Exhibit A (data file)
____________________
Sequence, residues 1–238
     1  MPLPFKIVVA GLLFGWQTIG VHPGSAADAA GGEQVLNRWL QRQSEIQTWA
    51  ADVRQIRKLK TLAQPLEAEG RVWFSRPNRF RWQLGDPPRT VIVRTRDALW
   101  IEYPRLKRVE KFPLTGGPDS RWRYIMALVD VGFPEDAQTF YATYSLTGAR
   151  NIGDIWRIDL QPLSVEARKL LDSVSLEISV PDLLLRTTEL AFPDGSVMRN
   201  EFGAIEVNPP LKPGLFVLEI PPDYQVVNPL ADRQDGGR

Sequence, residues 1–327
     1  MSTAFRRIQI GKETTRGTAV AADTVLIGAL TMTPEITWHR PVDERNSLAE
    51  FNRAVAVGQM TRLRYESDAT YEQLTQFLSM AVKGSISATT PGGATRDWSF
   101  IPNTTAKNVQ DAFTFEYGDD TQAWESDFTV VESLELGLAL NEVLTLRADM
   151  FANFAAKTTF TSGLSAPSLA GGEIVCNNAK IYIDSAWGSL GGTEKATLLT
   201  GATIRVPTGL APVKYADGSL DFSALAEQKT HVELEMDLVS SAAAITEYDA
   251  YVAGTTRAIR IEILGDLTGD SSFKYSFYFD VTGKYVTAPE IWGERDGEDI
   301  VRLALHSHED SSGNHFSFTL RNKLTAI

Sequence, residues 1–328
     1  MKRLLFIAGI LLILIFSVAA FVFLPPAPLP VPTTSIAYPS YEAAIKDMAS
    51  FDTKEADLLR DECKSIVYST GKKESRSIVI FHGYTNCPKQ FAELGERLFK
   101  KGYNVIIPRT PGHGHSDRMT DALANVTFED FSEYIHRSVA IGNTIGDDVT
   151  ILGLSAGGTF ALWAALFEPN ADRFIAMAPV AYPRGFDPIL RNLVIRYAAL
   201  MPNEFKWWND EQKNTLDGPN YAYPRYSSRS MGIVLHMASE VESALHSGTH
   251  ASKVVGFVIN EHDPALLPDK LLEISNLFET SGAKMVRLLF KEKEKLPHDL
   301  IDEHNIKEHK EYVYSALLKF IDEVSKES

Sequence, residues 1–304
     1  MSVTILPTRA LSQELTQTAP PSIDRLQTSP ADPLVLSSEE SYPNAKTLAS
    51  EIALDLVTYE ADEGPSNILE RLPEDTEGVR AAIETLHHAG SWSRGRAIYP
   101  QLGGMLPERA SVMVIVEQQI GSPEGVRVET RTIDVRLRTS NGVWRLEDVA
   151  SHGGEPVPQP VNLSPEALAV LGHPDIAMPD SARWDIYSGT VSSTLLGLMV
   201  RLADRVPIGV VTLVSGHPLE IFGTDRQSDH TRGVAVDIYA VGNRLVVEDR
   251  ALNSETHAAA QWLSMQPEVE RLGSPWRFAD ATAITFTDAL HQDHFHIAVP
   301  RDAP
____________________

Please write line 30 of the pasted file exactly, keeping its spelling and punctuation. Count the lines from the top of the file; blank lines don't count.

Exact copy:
   301  RDAP